Russian President Vladimir Putin has told a media forum in Moscow that information should not be subject to "repressive actions," comments that come amid mounting signs that his government is stepping up efforts to curtail dissenting voices in the Russian media.
Putin told the June 7 conference sponsored by the state-run media behemoth Rossiya Segodnya that "information should be objective from all viewpoints and should not be subjected to any repressive actions with the goal of correcting it."
He also appeared to lob a thinly veiled accusation of hypocrisy at Western officials, suggesting that "some authorities" voice support for media freedoms when it serves their interests and dismiss information they dislike as "propaganda."
Russian authorities have steadily tightened control over the national media -- and television in particular -- during Putin's 16 years in power, including through forced ownership changes, the replacement of key editorial personnel, or simply squeezing them off the airwaves.
Since the beginning of Putin's third presidential term in 2012, international rights groups and Western governments have criticized what they describe as an escalating effort by the Kremlin to rein in reporting critical of the government.
The RBC media group, which has published investigative stories on Putin's family and wealthy associates, saw its top editors resign en masse earlier this month after disputes with the company's management.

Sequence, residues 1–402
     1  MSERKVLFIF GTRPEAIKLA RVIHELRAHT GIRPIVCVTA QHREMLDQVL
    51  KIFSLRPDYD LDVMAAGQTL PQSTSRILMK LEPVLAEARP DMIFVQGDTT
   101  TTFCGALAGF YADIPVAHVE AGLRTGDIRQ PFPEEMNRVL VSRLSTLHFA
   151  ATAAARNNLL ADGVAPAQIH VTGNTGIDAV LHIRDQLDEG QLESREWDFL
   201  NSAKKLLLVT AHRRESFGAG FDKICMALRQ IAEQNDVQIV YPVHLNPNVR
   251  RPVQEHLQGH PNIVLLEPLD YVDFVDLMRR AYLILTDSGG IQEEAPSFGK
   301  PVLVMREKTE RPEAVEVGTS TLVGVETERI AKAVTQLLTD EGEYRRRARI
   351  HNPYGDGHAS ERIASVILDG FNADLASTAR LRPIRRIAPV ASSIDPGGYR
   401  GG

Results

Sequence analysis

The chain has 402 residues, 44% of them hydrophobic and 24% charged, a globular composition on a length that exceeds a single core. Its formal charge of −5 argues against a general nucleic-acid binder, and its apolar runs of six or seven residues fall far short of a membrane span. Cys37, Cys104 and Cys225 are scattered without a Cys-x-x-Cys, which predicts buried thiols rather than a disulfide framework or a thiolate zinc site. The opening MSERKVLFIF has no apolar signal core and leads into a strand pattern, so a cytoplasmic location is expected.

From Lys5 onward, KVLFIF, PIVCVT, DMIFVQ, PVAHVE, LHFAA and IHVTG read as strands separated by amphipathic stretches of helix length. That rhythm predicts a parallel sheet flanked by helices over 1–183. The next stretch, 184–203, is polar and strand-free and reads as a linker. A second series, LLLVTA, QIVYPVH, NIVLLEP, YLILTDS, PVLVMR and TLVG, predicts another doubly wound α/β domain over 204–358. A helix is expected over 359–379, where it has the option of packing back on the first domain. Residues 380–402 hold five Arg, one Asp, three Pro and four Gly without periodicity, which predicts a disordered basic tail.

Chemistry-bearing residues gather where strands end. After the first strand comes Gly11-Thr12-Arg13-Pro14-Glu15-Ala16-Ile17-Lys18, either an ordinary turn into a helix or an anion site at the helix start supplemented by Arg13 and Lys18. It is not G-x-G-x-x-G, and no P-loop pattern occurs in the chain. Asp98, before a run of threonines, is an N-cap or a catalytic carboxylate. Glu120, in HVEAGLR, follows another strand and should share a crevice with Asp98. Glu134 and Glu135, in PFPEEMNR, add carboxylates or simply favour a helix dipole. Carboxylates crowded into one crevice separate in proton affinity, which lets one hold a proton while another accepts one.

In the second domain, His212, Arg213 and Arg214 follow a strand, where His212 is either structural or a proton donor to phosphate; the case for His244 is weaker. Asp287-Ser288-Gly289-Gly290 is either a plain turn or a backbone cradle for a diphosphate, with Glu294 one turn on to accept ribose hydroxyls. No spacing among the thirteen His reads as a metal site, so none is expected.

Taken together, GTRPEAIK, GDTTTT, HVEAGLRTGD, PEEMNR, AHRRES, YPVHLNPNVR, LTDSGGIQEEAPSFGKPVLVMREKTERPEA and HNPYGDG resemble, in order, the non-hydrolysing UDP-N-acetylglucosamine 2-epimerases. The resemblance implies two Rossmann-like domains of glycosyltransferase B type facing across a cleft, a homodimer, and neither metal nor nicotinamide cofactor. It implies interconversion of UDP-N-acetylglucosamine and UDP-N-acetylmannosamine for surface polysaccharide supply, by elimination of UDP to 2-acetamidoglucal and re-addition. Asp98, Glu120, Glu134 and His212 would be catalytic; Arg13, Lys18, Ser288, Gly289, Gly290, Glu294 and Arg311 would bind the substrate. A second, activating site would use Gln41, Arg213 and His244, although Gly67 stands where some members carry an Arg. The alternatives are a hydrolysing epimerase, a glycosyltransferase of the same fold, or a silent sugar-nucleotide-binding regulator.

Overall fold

The resignations were widely seen as the result of pressure from authorities, who had conducted a series of tax and other investigations into the company.
'Search For Truth'
Addressing the June 7 media forum, Putin said journalism "is the search for truth" and that "the truth and objectivity of information remain the most important thing."
"Of course, it is important for the representatives of authorities in all countries of the world to ensure the freedom of dissemination of information," he said.
While Putin voiced support for media freedoms, he and other top officials have long accused Western governments and media outlets of attempts to destabilize the country with critical reporting.
In April, Rossiya Segodnya chief and television anchor Dmitry Kiselyov held up a copy of RBC's newspaper and accused the holding of helping the United States with its deep coverage of the Panama Papers financial-document leak, in which Putin's friends and allies figure.
Putin himself in April called the Panama Papers leak a "provocation" by "employees of official U.S. institutions."
Concerning the sponsor of the conference, which was titled A New Era Of Journalism: Farewell To The Mainstream, Putin said he hopes Rossiya Segodnya "will continue, as it has in previous years, to objectively tell about our country's foreign and domestic policy" and about the "attractive" investment climate of the Russian economy, which has been hit hard by flagging oil prices and Western sanctions.
Rossiya Segodnya replaced Russia's major state-run news agency RIA Novosti, which was dissolved in a 2013 decree by Putin and folded into the new media conglomerate. The move was widely seen as a Kremlin push to consolidate its messaging in the state-run media.
'I Know Everything About Myself'
During Putin's visit to the Rossiya Segodnya headquarters on June 7, German journalist Hubert Seipel presented him with a book he wrote about the Russian president.
Putin, a fluent German speaker whose KGB service landed him in East Germany for five years that included the fall of the Berlin Wall, spoke briefly with Seipel in the author's native language.
He reportedly said that he has never read any book about himself because "I know everything about myself."
Speaking to reporters in Russian, Putin said he warned Seipel that the author would face backlash back home if he wrote the book "objectively" -- an apparent dig at alleged bias about him in Germany. "And if he wrote it like they wanted him to [in Germany], then everything will be fine."